Institute of Information Science, Academia Sinica

Research Overview


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2010 Achievements


BIC-Based Speaker Segmentation Using Divide-and-Conquer Strategies with Application to Speaker Diarization

IEEE Transactions on Audio, Speech, and Language Processing 18 (2010): 141-157.

Shih-Sian Cheng, Hsin-Min Wang, and Hsin-Chia Fu

Author Affiliations
  • Institute of Information Science, Academia Sinica

The goal of speaker (audio) segmentation is to detect speaker (acoustic) change boundaries in an audio stream. In the last decade, researchers in the speech processing community have expended a great deal of effort on this problem because of its application to many speech and audio processing tasks, such as audio classification, automatic transcription of audio recordings, speaker tracking, and speaker diarization. In this paper, we propose three divide-and-conquer approaches for BIC-based speaker segmentation, namely, SeqDACDec1, SeqDACDec2, and DACDec3. The approaches detect speaker changes by recursively partitioning a large analysis window into two sub-windows and recursively verifying the merging of two adjacent audio segments using ΔBIC, a widely adopted distance measure of two audio segments. We compare our approaches to three popular distancebased approaches, namely, Chen and Gopalakrishnan’s window-growing-based approach (WinGrow), Siegler et al.’s fixedsize sliding window approach (FixSlid), and Delacourt and Wellekens’s DISTBIC approach (DISTBIC_pR), by performing computational cost analysis and conducting speaker change detection experiments on two broadcast news data sets. The results show that the proposed approaches are more efficient and achieve higher segmentation accuracy than the compared distance-based approaches. In addition, we apply the segmentation approaches discussed in this paper to the speaker diarization task. The experimental results show that a more effective segmentation approach leads to better diarization accuracy.

ROC curves
The ROC curves of the six methods compared in this paper evaluated on (a) MATBN3hr and (b) RT03 corpora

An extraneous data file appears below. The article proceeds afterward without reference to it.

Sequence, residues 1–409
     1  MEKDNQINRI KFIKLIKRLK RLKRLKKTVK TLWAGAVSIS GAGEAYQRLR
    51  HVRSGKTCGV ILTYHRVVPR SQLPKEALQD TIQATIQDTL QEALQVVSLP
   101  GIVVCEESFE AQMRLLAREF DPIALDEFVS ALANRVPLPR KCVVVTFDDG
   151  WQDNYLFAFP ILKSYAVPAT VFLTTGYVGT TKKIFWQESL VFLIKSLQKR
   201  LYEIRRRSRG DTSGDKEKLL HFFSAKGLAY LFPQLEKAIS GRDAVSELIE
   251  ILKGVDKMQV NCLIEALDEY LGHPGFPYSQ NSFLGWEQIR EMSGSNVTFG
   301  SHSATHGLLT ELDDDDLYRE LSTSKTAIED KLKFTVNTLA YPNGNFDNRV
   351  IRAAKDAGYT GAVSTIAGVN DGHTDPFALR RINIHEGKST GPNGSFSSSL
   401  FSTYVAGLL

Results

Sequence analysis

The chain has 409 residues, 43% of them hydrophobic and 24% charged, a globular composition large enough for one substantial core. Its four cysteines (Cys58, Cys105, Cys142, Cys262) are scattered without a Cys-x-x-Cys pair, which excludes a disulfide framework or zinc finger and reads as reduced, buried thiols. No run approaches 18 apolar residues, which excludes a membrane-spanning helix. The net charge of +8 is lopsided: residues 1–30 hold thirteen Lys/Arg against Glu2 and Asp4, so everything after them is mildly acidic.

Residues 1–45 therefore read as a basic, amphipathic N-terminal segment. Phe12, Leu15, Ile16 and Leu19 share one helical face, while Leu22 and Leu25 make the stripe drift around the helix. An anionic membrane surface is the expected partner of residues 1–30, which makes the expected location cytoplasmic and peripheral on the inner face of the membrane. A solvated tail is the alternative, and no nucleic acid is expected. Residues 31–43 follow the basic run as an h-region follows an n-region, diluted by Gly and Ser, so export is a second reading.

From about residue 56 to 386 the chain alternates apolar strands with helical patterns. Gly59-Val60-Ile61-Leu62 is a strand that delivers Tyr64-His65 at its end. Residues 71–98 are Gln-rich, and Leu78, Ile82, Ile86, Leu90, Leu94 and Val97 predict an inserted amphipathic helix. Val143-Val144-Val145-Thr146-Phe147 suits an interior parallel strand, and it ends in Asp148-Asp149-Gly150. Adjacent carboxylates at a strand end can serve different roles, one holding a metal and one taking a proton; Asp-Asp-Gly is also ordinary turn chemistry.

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Clustering Complex Data with Group-Dependent Feature Selection

Lecture Notes in Computer Science 6316 (2010): 84-97.

Yen-Yu Lin, Tyng-Luh Liu, Chiou-Shann Fuh

Author Affiliations
  • Institute of Information Science, Academia Sinica

We propose a clustering approach with the emphasis on detecting coherent structures in a complex dataset, and illustrate its effectiveness with computer vision applications. By complex data, we mean the attribute variations among the data are too extensive such that clustering based on a single feature representation/descriptor is insufficient to faithfully divide the data into meaningful groups. Our method thus assumes the data are represented with various feature representations, and aims to uncover the underlying cluster structure. To that end, we associate each cluster with a boosting classifier derived from multiple kernel learning, and apply the cluster-specific classifier to performing feature selection cross various descriptors to best separate data of the cluster from the rest. Specifically, we integrate the multiple, correlative training tasks of the cluster-specific classifiers into the clustering procedure, and cast them as a joint constrained optimization problem. Through the optimization iterations, the cluster structure is gradually revealed by these classifiers, while their discriminant power to capture similar data would be progressively improved owing to better data labeling.

Experimental results

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Efficient Simulation of the Spatial Transmission Dynamics of Influenza

PLoS ONE 2010, 5, e13292

Meng-Tsung Tsai, Tsurng-Chen Chern, Jen-Hsiang Chuang, Chih-Wen Hsueh, Hsu-Sung Kuo, Churn-Jung Liau, Steven Riley, Bing-Jie Shen, Chih-Hao Shen, Da-Wei Wang, and *Tsan-Sheng Hsu

Author Affiliations
  • Institute of Information Science, Academia Sinica

As large spatially resolved data sets are constructed to investigate the spreading patterns of pandemic influenza, the need for efficient simulation code becomes clear. Here, we present a significant improvement to the efficiency of an individual based stochastic disease simulation framework commonly used in previous studies. We quantify the performance of the revised algorithm and present an alternative parameterization of the model in terms of the basic reproductive number. We apply the model to the population of Taiwan and demonstrate how the location of the initial seed can influence spatial incidence profiles of the epidemic. The ability to perform efficient simulation allows us to run a batch of simulations and take account of their average in real time. The averaged data are stable and can be used to differentiate spreading patterns that are not readily seen by only conducting a few runs.

The precision and efficiency of the Sieve algorithm, as applied to a model of pandemic influenza transmission in Taiwan. Efficient Simulation of the Spatial Transmission Dynamics of Influenza Simulation peaks distribution (with averages) for Taipei and Changhua scenarios when outbreaks occurs with one index case in 1,000 simulation runs County level spatio-temporal spreading patterns for Taipei and Changhua scenarios

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